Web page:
Cats receive vitamin B12 shots for various maladies. Technically known as cobalamin, vitamin B12 is water-soluble, so excess amounts don't stay in Kitty's body but are excreted in urine. Some cats benefit from Vitamin B12 injections due to generally poor health condition, while others benefit because it aids in fighting certain diseases.
If your kitty has diabetes, you're probably giving her once- or twice-daily insulin shots. A common complication of diabetes is peripheral neuropathy. If your cat is affected, she'll become wobbly on her back legs. Most diabetic cats with peripheral neuropathy do eventually regain complete function of the rear legs within a few months, but vitamin B12 shots can aid in recovery. Your vet will prescribe the correct dosage. If you are already a practiced hand at giving injections to your diabetic cat, your vet may teach you how to give the vitamin B12 shots as well.
If your cat suffer from irritable bowel disease or other ailments of the gastrointestinal system, your vet may recommend vitamin B12 shots for therapeutic purposes. According to research of Texas A&M University, compelling evidence exists that "significant tissue-level cobalamin deficiency" is present in some cats and dogs with gastrointestinal disease. It recommends that cats with chronic gastrointestinal disease history have serum cobalamin concentrations measured.
Cats with kidney disease or renal failure are prime candidates for vitamin B12 injections. Unfortunately, kidney disease becomes increasingly common as cats age. As the kidneys fail, volume of urine actually increases, so water-soluble vitamins in the B category leave the body faster. Supplementation with vitamin B12 injections aids a cat by giving her additional B vitamins and may stimulate her appetite. Loss of appetite frequently accompanies kidney disease.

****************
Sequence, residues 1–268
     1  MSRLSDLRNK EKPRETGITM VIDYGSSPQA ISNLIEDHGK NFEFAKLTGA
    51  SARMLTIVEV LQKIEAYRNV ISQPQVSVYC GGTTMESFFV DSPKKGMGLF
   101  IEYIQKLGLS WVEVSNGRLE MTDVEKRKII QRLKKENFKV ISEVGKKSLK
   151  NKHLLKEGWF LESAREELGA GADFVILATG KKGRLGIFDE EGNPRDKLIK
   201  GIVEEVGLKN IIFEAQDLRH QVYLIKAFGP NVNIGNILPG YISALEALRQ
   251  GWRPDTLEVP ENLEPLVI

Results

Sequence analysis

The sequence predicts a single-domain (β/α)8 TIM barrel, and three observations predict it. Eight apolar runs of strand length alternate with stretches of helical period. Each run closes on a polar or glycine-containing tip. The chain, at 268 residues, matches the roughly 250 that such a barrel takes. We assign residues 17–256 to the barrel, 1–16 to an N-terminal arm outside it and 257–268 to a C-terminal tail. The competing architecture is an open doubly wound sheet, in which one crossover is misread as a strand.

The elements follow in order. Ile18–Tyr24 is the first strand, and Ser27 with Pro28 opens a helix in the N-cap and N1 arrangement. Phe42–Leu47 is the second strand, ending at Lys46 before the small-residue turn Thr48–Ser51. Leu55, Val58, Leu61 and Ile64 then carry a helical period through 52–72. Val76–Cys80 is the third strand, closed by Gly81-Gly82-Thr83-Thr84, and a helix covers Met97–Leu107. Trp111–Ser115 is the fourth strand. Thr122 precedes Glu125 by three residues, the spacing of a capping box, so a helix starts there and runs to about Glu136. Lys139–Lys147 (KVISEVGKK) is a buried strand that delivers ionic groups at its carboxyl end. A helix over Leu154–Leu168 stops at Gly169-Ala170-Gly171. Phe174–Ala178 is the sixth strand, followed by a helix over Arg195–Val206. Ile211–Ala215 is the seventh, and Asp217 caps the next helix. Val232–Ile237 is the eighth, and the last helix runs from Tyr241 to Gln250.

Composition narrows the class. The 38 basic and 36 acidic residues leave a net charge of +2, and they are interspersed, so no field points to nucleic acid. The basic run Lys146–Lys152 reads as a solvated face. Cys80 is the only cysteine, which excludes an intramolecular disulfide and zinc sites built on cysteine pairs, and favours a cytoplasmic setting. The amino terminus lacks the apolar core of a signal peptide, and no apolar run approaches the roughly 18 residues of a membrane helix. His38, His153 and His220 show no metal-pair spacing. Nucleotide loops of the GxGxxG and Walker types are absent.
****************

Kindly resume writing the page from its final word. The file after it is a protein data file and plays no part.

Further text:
Stray, stressed or elderly cats or felines that consume bad diets can benefit from vitamin B12 shots. Such treatment comes in conjunction with feeding higher-quality food and veterinary oversight. If the cat is lethargic, depressed and not eating well, vitamin B12 shots can perk her up and start her back on the road to health. Veterinarians often recommend B12 shots for cats diagnosed with anemia, which can result from poor care such as severe, untreated flea infestations.
Always check with your veterinarian before changing your pet’s diet, medication, or physical activity routines. This information is not a substitute for a vet’s opinion.
Jane Meggitt has been a writer for more than 20 years. In addition to reporting for a major newspaper chain, she has been published in "Horse News," "Suburban Classic," "Hoof Beats," "Equine Journal" and other publications. She has a Bachelor of Arts in English from New York University and an Associate of Arts from the American Academy of Dramatics Arts, New York City.